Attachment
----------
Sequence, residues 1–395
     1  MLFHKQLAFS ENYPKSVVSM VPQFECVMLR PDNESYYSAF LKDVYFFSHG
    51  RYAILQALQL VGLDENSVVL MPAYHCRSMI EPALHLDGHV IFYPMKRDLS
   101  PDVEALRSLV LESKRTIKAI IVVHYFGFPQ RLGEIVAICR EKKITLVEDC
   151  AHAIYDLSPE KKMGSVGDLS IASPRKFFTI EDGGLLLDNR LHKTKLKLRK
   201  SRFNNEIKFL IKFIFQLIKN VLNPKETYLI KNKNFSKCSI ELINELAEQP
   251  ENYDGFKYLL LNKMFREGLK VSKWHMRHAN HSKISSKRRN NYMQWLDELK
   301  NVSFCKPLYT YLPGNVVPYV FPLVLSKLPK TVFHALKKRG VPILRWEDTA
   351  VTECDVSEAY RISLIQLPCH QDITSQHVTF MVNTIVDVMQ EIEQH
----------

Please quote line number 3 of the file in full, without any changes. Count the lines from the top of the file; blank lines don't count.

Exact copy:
    51  RYAILQALQL VGLDENSVVL MPAYHCRSMI EPALHLDGHV IFYPMKRDLS